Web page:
Thinking of Old Badgers in the Autumn of Our Years

by on October 7, 2016 · 1 comment

in Environment, From the Soul

Autumn via FlickrBy Ernie McCray

Looking at an autumn scene, with trees changing colors, overlooking a lake of cold water, signifying the last season of a year, I thought of how I’m in the autumn of my years.

And from that I couldn’t help but think about the Class of ’56 of Tucson High, people whom I hold dear, old “Badgers” celebrating a time when we were classmates 60 years ago.

Our hair, like the leaves in the picture of the trees, has thinned and its color has changed as has a host of other things.

But that can’t alter the memories I have of our times. Those classmates of mine have contributed mightily to my very evolvement as a human being, up to this day.

Let me say it this way: I showed up at Tucson High, bright-eyed (open to most anything) and gawky (from growing three inches a second, it seemed), with one thing on my mind, and that was to have a good time. Our beloved school and those beautiful people made that happen for me in a big way.

I definitely got the 3 R’s I needed, in many a way. I learned to type which, for a writer, is a necessity. One of our English teachers inspired me to let my imagination fly in my essays and short stories, not to mention I had a crush on her that weakened my knees. Algebra caught me off guard but I figured it out eventually. I learned more than I ever wanted to know about frogs in biology. One look at one of our history teachers and I’d start copping Z’s as if a hypnotist had put a spell on me.

I brought to the table an active mind, one that was centered on how to navigate our times where people like me were looked down on simply because of the color of our skin.

Such a state of affairs was hard to tolerate, considering all an adolescent has to endure: trying to not be seen as a fool by trying to look cool which makes you look like a fool; trying to hide pimples underneath goop that makes your face look like an active volcano; anxieties galore, about most anything.

Well, add that stuff to second class citizenship and you’ve got the makings of something that’s not going to turn out pretty or you’ve got a budding story of someone who is bound to overcome being treated indecently.

These peers of mine set me strongly on a course regarding the latter because they validated a philosophy I brought with me to Tucson High, that, basically, if you treat people from a place of love, with the respect all human beings deserve, you will, for the most part, be treated in kind. Put simply, I loved them and they loved me in return. We had a good time.

Oh, we were of our times so I’m not talking here about a peaches and cream kind of situation but if we were characters in a dream, it was way more of a good dream than a bad dream.

I mean I never once heard the “N” word but I’m sure it was uttered by someone. My “Hey, what’s happening?” in the halls was always returned with a smile by mostly everyone.

No one ever asked for another seat when I sat next to them in class. Some one of them once said I had a nice ass and that same person said how they loved the way I moved it when I walked and when I danced. You think that didn’t make me prance?

My jokes and my role as Nogi in “Desert Song” got a bunch of laughs.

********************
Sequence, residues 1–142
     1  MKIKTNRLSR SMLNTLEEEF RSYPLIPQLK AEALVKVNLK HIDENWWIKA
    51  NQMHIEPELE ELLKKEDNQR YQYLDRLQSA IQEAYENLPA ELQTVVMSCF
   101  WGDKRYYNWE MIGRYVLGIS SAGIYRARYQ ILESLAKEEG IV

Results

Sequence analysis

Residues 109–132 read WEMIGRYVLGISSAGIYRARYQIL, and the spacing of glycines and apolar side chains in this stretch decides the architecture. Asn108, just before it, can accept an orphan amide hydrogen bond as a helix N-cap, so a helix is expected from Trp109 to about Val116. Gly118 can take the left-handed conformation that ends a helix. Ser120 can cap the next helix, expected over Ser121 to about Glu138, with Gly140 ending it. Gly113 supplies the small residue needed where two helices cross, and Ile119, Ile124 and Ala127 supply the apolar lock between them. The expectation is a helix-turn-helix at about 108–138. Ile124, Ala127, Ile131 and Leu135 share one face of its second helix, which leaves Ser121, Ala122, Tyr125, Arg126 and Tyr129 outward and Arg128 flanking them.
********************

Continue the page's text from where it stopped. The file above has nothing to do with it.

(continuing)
All of that is essentially all I wanted and needed.

And the way my style of play was appreciated on the basketball court is one of my sweetest memories because it let me know what I needed to know, that I was making a positive contribution to my school and to my community at large. The support catapulted me into a category I had never dreamed of: badass basketball player.

All I had dreamed of was just making the team, wearing that big red “T.” Thinking back to that time I remember how, in an instant it seemed, in a game near the end of my junior year, I grew out of a kind of awkward ugly duckling stage of athleticism (the result of the aforementioned ridiculous growth spurt) that had been plaguing me as a player.

One moment my arms were going one way and my legs were going another way and my body was trying to figure which to follow and in the next moment I was moving on the court with ease, smooth, knowing at a new level what to do, where to be, like so many of my Badger heroes who played before me…

I can still feel it, the pulse of the games: I grab a pass from Bohardt at the top of the key, fake a pass to both Hassey and Ray Hopkins as they criss-cross in front of me, and slip a no-look bounce pass underneath the basket to Ira Lee. Another two points.

Another victory. The cheerleaders and student body went wild roaring and stomping their feet to the beat of “Tucson Badgers! Fight! Fight! Fight!” We played the game with all our might.

And the next thing I knew my name was written right after a lot of terms beginning with “All.” All-City, All-Star, All-State. It was All-Great.

No words can ever express what that did for my self-esteem. I was acting out of love and the reactions I received were rendered in a spirit of love and I left Tucson High ready for the world, buoyed by a time when people who are now septuagenarians were but boys and girls.

What precious times, times I appreciate more each day. I surely thought they would never end. But it went by like winds in a hurricane just like the years that have gone by since then.

From it all, however, I got what I needed to seriously begin the mostly pleasant journey of becoming who I am today: a man in the autumn of his years, still full of love for life itself, thinking of people whom he holds dear.

I am so thankful for the memories I have of those days.

Photo courtesy of

{ 1 comment… read it below or add one }

david russell beekman August 10, 2020 at 4:51 pm

Ernie… great story…. You mention Paul Bohardt above…. I have not seen or heard of him since the 1996 Reunion…. I hope he is still ‘kick’n,’
dave B


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